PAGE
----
Program Coverage and Targeting Assessment:

In the previous section, it was found that the possible key vectors of change in underweight were access to sanitation, safe drinking water, measles vaccination, place of delivery, and literacy. As there some of these factors are addressed through current programs, it is of interest to assess how well targeted these programs are to the malnourished.

 

Access to Measles Vaccination:

 

Underweight

Not Underweight

Total

Vaccinated

129

433

562

Not Vaccinated

42

82

124

Total

171

515

686

The ovearall coverage was 0.8192 and the coverage for the malnourished was 0.7544. The test for targeting (F/PP=.9209) confirmed that immunizations are not well targeted to those worse-off.

Access to Delivery in Hospital/Clinic:

 

Underweight

Not Underweight

Total

Clinic/Hosp. Del.

58

313

371

Home Delivery

151

499

650

Total

209

812

1021

 

The coverage was 0.3634 and the coverage for malnourished was 0.2775. The test for targeting (F/PP=.7636) confirmed that the worse-off do not have access to delivery in clinics or hospitals, indicating low access to health services in general. If access to clinics and modern health facilities were available, there would be a significant of decreasing the prevalence of underweight.

 

Child Feeding Practices

As can be seen from the child feeding patterns table (see excel chart), the percent of those who breastfeed after 3 to 5 months is low, and the percent of exclusive breastfeeders is extremely low, with only about 27% practicing. Exclusive breastfeeding until the age of 6 months needs to be emphasized through a nutrition education program. The introduction of complementary foods between 4 and 9 months is good, but efforts need to be made to promote continued breastfeeding after introducing liquids and solids into the infant's diet.

Nutrition Program Recommendations:

Taking the DHS data and the statistical information from this study, there are interventions that can be taken to reduce the occurrence of underweight. These measures can be done at two levels, short-term and long-term.

Short-term Interventions:

The DHS data has suggested that water and sanitation have an important effect on underweight. For example improvement of 0.212 for weight for age z-score can be achieved by improving water. This would mean a reduction in the prevalence by 6.5%, which is a decrease of 31.7% in the number of cases of underweight. If improving sanitation were to be done, there would an expected maximum improvement of 0.283 for weight for age z-score. Furthermore, this would yield a theoretical reduction of the prevalence by a percentage of 9.76. Taking this into account, I would urge that the government of Kenya invest in improving access to tap water and sanitation.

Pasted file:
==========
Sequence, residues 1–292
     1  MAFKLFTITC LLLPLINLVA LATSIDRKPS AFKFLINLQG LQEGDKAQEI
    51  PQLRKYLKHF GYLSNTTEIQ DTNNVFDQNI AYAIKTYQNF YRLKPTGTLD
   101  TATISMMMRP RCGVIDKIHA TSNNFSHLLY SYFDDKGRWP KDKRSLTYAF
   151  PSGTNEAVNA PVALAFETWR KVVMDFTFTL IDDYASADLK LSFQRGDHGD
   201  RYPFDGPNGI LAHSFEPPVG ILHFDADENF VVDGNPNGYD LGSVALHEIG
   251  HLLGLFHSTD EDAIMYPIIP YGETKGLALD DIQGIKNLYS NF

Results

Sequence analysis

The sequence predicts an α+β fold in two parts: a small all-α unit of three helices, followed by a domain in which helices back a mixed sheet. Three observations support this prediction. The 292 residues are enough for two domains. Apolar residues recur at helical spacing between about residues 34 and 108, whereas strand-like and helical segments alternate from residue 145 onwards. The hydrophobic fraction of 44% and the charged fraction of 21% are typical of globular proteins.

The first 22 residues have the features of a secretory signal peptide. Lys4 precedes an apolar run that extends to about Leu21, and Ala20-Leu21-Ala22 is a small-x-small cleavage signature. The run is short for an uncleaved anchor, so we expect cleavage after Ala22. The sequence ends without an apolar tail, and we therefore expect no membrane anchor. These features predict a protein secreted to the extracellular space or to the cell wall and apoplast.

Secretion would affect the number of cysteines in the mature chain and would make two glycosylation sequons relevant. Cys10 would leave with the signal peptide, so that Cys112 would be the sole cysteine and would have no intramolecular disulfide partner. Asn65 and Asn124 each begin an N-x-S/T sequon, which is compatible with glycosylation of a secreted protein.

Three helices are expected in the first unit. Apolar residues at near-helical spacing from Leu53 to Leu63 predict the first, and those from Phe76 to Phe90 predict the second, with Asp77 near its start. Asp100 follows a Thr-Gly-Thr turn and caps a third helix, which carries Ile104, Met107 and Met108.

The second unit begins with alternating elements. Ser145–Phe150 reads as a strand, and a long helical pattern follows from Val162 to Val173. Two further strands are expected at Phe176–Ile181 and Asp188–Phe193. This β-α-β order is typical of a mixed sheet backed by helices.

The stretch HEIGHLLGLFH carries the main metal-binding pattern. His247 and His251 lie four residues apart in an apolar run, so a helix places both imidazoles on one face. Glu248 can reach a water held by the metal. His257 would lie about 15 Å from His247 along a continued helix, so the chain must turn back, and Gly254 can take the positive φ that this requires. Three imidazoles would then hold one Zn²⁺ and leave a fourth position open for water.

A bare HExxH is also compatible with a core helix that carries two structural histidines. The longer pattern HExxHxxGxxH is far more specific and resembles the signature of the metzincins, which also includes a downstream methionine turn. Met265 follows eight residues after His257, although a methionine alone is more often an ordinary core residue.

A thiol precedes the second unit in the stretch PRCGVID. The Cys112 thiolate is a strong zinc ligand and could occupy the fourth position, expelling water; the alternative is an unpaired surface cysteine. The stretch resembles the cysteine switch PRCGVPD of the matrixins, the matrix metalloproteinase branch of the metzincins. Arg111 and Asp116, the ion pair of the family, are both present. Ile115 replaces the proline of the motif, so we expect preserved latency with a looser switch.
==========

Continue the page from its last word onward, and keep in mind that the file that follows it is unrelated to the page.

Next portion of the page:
Long-term Interventions:

It is also important and beneficial for the Kenyan government to take into consideration long-term interventions. Data has suggested that access to healthcare, literacy, and income generation are areas where improvements will impact nutritional status. Healthcare access can be increased and be efficiently run if there are money and resources. It is important that the Kenyan government keep in mind that a system that has a strong referral system is a good way to improve efficiency. Another way is to implement viable social safety nets. Two possibilities are rotating drug generation programs (e.g. the Bamako Initiative and the development of community based insurance schemes. There should also be promotion of privatization of healthcare to remove the burden placed on the limited resources of the Kenyan Government.

Literacy should be improved, this analysis shows that improvement in literacy will cause a maximum change of .239 in the z-score for underweight. This means that there would be an expected decrease of 7.26% in prevalence. This can be done through the aid of Non-Governmental Organizations. Literacy is a also a good way to promote healthy and preventive measures. Furthermore, insurance schemes require a literate population to work efficiently. This tool can also enhance the human capital of Kenya and improve the fall back position of women, which in turn can aid in improving the health status of women and children.

Income generation is also important. This can be done through food for work programs, income diversification programs, and animal husbandry. Data has consistently shown that having income increases ones endowment and exchange possibilities.